Peter L Richardson
3/17/2003

http://www.loveandlogic.com/educators.html

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To think about Elizabeth Bishop, one is forced to think about geography. Her friend and fellow poet, Richard Wilbur, speaks of her, “When she looked in her poetry for ultimate answers, she generally expressed the search in the key of geography, of travel.” But Bishop did not content herself to looking for answers only in geography. She was free to look in other places as well. In her poems, “The Moose” and “The Fish,” Bishop has an encounter with the natural world. It is in these creatures that Elizabeth comes closest to discovering an “ultimate answer” for the struggles she bears in each particular poem. Though each poem is very different in structure and style, each has similar themes. In both, there is an interaction of some kind between man and the natural world. Bishop describes each creature with a sense of respect and honor. Each creature comes to represent something deeper than itself to her. Through each experience Bishop learns that there are things in life that are bigger than she, yet that doesn’t serve to diminish her worth, rather each experience helps her to grow.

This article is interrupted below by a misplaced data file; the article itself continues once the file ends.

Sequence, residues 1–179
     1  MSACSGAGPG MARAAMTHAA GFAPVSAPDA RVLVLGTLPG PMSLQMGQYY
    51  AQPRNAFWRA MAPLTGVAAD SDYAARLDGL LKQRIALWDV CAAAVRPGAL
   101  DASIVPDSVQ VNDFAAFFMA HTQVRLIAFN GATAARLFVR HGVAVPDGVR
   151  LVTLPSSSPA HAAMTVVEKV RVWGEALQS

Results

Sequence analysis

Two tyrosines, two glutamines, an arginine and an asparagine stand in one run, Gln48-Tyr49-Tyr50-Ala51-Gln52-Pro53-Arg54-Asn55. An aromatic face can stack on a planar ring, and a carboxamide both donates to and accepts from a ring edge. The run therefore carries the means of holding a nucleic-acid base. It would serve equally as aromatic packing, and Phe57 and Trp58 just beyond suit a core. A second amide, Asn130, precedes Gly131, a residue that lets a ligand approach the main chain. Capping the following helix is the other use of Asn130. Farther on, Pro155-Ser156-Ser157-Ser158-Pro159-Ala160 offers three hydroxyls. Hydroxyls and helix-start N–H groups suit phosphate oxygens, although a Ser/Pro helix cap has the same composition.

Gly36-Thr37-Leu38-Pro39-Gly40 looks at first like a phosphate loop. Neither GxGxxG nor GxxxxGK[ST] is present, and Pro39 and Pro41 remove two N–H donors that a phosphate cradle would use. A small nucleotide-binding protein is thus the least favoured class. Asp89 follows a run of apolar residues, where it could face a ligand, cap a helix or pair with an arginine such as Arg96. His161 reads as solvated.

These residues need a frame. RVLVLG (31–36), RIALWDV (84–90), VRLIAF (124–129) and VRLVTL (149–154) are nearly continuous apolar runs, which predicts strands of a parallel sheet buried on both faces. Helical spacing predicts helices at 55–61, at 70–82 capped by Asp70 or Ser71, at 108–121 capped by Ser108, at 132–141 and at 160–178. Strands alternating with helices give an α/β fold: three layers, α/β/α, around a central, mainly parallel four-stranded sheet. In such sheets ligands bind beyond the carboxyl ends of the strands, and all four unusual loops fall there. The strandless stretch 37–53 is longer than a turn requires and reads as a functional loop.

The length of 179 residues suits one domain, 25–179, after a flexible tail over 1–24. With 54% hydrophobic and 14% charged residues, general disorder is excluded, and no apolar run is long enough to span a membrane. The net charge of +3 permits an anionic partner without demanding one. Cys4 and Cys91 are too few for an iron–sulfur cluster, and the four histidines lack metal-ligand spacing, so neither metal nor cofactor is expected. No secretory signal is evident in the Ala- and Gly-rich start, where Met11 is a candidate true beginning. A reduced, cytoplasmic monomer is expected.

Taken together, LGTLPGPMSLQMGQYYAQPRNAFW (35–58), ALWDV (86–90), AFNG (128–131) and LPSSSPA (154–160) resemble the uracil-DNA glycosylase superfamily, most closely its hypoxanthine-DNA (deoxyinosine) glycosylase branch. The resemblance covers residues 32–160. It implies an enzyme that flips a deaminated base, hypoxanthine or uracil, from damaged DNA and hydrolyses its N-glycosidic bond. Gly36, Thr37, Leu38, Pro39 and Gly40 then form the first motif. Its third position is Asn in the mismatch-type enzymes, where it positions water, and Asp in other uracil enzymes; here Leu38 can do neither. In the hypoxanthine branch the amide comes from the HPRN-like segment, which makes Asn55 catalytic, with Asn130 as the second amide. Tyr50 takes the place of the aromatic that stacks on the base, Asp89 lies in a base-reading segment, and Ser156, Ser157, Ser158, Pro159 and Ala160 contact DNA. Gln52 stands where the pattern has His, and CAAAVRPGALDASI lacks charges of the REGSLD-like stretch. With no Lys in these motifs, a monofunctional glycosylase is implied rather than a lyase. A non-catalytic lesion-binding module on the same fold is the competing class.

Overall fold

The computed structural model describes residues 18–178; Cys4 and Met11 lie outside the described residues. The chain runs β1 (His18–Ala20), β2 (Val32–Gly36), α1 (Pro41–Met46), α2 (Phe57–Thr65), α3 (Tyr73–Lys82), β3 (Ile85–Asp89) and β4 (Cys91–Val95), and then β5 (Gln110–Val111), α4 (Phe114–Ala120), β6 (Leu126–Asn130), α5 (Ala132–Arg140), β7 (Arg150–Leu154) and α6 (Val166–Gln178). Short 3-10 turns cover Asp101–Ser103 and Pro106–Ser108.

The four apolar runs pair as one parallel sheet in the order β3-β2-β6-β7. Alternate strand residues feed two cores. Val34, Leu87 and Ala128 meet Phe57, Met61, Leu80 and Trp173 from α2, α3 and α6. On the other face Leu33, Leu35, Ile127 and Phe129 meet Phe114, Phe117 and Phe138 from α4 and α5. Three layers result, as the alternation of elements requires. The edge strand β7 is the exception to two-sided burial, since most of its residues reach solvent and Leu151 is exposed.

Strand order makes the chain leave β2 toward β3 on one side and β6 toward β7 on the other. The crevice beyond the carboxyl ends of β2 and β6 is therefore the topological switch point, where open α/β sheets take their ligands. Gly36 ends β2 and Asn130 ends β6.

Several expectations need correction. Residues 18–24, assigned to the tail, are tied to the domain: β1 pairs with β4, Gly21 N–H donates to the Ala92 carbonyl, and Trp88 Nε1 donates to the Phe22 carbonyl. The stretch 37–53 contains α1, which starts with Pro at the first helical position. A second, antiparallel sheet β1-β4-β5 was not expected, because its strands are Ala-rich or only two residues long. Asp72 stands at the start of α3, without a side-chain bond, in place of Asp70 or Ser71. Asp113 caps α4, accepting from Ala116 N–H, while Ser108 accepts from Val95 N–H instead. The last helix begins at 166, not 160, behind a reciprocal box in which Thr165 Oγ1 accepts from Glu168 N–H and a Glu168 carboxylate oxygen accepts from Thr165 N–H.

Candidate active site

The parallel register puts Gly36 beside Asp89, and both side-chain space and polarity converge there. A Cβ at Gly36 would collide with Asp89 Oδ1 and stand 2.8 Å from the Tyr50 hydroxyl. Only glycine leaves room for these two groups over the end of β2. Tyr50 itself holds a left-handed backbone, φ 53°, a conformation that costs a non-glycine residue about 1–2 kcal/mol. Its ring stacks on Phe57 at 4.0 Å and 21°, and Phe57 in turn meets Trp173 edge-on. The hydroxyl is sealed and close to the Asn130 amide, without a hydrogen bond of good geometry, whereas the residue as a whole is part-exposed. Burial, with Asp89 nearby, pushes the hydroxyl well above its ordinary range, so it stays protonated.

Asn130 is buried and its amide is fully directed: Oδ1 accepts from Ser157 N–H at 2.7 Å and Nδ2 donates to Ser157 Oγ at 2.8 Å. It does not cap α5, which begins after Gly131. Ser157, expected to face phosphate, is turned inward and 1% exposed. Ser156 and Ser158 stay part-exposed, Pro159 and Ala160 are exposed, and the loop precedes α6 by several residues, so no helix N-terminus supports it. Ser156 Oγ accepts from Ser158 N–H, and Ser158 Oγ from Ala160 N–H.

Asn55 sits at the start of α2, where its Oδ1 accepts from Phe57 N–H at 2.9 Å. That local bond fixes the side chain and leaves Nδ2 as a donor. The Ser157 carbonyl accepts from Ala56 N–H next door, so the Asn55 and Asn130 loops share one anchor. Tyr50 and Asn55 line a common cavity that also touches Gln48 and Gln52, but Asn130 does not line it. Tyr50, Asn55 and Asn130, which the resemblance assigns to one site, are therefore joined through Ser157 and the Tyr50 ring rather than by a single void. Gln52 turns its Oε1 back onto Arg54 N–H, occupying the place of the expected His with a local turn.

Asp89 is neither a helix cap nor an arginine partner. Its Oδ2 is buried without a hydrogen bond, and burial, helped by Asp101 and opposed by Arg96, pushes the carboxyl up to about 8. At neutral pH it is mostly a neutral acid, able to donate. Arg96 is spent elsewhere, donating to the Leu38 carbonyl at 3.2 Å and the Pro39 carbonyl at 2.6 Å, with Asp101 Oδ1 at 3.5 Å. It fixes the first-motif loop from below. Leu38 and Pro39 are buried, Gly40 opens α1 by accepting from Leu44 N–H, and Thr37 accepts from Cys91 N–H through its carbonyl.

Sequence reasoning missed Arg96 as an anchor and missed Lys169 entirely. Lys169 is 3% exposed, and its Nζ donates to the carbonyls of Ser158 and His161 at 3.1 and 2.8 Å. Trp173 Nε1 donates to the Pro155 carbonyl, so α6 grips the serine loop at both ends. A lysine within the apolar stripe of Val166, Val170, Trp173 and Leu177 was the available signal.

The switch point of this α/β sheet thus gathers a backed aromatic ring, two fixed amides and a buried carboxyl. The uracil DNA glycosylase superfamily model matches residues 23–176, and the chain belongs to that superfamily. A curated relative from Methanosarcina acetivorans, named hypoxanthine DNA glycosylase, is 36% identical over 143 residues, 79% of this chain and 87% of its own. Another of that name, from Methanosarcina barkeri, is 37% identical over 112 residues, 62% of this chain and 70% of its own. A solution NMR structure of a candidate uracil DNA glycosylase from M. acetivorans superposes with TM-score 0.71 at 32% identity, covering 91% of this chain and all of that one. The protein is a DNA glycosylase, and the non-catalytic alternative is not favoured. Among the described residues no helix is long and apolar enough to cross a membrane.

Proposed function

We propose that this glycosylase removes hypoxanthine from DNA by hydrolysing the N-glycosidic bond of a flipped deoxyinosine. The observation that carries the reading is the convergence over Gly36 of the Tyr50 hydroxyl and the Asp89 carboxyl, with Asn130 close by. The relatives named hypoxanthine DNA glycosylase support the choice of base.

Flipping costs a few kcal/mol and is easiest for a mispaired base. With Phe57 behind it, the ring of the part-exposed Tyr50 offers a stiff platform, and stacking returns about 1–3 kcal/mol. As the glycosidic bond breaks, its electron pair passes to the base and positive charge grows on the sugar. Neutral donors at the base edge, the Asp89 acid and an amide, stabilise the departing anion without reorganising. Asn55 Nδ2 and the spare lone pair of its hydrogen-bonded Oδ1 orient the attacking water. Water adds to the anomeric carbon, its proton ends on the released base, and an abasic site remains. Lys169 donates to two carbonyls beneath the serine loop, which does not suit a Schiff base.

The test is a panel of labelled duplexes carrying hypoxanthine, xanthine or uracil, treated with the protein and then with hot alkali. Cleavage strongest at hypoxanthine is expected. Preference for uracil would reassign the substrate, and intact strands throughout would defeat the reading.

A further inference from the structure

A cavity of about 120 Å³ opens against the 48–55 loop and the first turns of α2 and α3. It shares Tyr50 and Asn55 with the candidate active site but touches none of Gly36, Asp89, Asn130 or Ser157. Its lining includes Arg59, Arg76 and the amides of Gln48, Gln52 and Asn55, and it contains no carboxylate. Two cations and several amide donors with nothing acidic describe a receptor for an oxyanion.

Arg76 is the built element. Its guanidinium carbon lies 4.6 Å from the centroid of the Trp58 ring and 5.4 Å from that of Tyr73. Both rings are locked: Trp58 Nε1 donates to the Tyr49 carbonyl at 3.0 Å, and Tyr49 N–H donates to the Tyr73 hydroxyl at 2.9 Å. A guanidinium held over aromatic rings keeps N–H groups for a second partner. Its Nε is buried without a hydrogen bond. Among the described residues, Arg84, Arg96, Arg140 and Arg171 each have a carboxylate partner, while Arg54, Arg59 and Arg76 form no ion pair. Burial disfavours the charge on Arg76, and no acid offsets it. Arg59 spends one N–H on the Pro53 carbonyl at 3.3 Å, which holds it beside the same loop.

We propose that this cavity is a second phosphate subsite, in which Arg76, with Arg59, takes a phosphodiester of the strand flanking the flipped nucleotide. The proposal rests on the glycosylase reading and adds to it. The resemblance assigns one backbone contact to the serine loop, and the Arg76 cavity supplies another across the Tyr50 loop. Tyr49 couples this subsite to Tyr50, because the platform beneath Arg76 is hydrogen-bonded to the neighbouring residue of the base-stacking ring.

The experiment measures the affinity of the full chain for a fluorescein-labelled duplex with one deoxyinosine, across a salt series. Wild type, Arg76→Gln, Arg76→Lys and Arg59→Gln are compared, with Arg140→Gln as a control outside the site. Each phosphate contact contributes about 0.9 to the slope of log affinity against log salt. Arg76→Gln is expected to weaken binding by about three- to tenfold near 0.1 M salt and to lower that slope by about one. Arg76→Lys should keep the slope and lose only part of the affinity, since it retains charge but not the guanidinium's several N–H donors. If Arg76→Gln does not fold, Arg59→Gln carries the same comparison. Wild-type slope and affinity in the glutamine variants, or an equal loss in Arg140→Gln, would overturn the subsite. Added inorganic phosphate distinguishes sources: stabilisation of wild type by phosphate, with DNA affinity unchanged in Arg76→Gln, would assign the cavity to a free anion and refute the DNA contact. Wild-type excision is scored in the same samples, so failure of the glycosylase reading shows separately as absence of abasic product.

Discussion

“The Moose” was published a good twenty years after “The Fish.” However, there are manuscripts that indicate she began the poem much earlier. Also, knowing a bit about Bishop’s biography indicates that “The Moose” is probably about an experience Bishop had as a child, while “The Fish” can be assumed to be about an experience she had as an adult. For this reason, I’ll begin with exploring what was going on with young Elizabeth, as Bishop reflects on her encounter with “The Moose” and then move on to explore her encounter with “The Fish.”

“The Moose” is dedicated to Grace Bulmer Bowers, Bishop’s maternal aunt. When Bishop was a child her father passed away and her mother had to be institutionalized. She was sent to live with her maternal grandparents in Nova Scotia until her paternal grandparents intervened and took her to live back in Massachusetts, her father’s origins. On the surface, “The Moose“ is a narrative poem about a bus ride in which the passengers encounter one of nature’s creatures in the middle of the road; however, a closer reading reveals that the moose standing in the road blocking the vehicle‘s path becomes the representation of all that young Elizabeth holds dear. “The Moose” is a poem about leaving home. It is Bishop’s journey away from safety and away from security; away from the sacred.